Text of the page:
The Issaquah School District has been discussing ways to allow middle- and high-school students to start later, but its superintendent said that the community could not come to a consensus about whether that was a good idea.
The Issaquah School District won’t flip school start times in September so that middle and high schools start later and elementary schools start earlier.
The Issaquah Press reported that Superintendent Ron Thiele made the announcement Monday, while also saying that he plans to keep working on the issue. In an open letter, he said that the community was unable to reach consensus on a proposal to start secondary schools at 9 a.m. and elementary schools at 8 a.m.
Issaquah has been one of several Seattle-area school districts considering start-time changes given the growing amount of research showing adolescents need more sleep and don’t function well early in the morning. The American Academy of Pediatrics has recommended secondary schools start no earlier than 8:30 a.m.
While many in Issaquah favored later start times for adolescents, Thiele said in his letter, many thought ending school at 4 p.m. would be too late, affecting students’ ability to care for younger siblings, work or participate in after-school activities. And many parents of elementary students, he said, didn’t like the idea of their children starting so much earlier than they do now.
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But Thiele is not giving up, saying he wants to find a way to start secondary schools later, while preserving after-school activities and with “less impact to the elementary schedule.”
That was welcome news for Dea Barnett, a child and adolescent psychiatrist who leads the Issaquah chapter of Start School Later, a national nonprofit advocating for school schedules that accommodate adolescent sleep patterns.
“The fact that [Thiele] remains open to looking at the issue and trying to figure out what might work is pretty heartening,” Barnett said.
She hopes the extra time will lead to deeper discussions with parents and community members about the proposed changes, though she would like the district to provide more detailed information about transportation and student activities.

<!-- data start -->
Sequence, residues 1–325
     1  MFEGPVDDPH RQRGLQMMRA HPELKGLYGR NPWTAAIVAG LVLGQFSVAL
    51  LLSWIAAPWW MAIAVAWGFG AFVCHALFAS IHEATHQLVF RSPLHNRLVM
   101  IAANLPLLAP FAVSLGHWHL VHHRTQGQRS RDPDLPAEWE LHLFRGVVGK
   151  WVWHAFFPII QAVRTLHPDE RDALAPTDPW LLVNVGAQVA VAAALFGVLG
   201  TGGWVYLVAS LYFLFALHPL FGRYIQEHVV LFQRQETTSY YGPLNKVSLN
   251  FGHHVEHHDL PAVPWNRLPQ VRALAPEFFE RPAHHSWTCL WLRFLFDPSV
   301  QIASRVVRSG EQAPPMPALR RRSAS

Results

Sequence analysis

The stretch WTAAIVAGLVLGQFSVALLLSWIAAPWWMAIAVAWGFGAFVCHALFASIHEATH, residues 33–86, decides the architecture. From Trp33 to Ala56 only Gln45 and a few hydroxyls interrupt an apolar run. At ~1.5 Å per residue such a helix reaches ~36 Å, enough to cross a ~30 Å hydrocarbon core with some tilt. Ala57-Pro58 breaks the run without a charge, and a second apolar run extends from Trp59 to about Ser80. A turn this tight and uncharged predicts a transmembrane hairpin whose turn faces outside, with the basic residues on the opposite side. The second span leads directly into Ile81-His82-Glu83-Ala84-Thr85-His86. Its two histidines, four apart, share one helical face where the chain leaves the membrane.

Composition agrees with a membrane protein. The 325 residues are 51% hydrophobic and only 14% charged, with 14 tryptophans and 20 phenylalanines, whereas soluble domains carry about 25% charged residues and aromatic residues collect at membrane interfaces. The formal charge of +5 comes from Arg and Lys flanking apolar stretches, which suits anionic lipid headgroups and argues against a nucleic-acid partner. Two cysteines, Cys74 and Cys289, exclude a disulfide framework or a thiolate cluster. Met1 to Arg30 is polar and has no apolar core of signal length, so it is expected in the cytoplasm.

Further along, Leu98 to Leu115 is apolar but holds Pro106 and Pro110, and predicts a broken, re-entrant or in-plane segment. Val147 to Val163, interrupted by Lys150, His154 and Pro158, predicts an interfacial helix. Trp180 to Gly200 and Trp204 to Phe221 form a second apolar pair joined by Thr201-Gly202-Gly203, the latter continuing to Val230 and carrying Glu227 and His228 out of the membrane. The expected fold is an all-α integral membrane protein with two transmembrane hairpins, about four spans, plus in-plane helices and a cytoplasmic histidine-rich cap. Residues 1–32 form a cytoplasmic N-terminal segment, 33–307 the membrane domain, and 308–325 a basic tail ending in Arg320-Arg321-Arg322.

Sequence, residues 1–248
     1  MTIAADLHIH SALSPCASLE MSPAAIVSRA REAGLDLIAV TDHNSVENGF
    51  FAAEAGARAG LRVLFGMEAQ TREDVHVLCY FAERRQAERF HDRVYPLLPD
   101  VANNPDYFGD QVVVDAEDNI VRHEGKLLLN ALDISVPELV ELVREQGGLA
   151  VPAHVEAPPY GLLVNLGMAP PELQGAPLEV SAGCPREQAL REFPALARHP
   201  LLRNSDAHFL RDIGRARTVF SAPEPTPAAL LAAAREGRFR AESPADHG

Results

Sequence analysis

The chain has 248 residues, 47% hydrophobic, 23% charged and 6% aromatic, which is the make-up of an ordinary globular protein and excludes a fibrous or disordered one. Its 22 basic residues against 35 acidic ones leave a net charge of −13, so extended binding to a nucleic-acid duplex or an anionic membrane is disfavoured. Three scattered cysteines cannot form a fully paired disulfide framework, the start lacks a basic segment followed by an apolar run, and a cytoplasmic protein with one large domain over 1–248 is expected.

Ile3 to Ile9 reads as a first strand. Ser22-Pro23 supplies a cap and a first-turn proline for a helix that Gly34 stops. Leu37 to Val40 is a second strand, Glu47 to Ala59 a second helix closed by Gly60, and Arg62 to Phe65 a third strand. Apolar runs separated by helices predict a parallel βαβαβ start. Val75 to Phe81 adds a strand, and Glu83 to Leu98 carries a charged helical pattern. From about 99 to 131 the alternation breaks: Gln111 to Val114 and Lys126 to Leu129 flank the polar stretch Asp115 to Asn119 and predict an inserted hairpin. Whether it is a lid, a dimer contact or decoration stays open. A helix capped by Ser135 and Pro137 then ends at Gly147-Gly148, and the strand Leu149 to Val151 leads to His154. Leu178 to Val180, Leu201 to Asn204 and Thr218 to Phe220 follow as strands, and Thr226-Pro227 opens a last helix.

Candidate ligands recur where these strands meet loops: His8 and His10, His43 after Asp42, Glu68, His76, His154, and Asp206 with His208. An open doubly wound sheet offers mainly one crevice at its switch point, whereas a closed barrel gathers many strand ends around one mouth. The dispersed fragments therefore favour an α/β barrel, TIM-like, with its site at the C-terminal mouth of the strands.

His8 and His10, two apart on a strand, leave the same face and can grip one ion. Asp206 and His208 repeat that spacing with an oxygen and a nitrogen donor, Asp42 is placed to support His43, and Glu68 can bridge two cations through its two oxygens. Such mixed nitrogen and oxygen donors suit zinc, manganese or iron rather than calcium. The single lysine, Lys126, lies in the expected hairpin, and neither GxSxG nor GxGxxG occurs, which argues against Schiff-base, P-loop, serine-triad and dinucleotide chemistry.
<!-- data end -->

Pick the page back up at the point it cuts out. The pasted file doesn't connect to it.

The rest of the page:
In 2003, the district launched a two-year study that looked into busing logistics, schedule conflicts and other complexities of changing the school day, but that effort ended with a recommendation to leave the schedule alone.
Barnett says there is more support this time around, fueled by a growing body of research about the potential health, safety and academic benefits of later start times for adolescents.
“This is quite different,” Barnett said. “The movement has really caught fire nationally.”
The Seattle School Board voted in November to overhaul the district’s school start times, making Seattle one of the largest school districts in the nation to do so. Starting this fall, most Seattle secondary students will start school at 8:45 a.m., and most elementary students at 7:55 a.m.
The Bellevue School District is moving its high-school start times later, too.
Last month, the Mercer Island School District announced that starting next fall, its high school will start at 8:45 a.m. on Wednesdays, but begin at 8 a.m. the rest of the school week.
The Northshore and Lake Washington districts are also working toward changing high-school schedules.
Seattle Times Education Editor Linda Shaw contributed to this report.
This story, originally posted Wednesday morning, has been corrected. Some parents of elementary-school students don’t like the idea of their children starting school later than they do now. The original post mistakenly said they didn’t like an earlier start.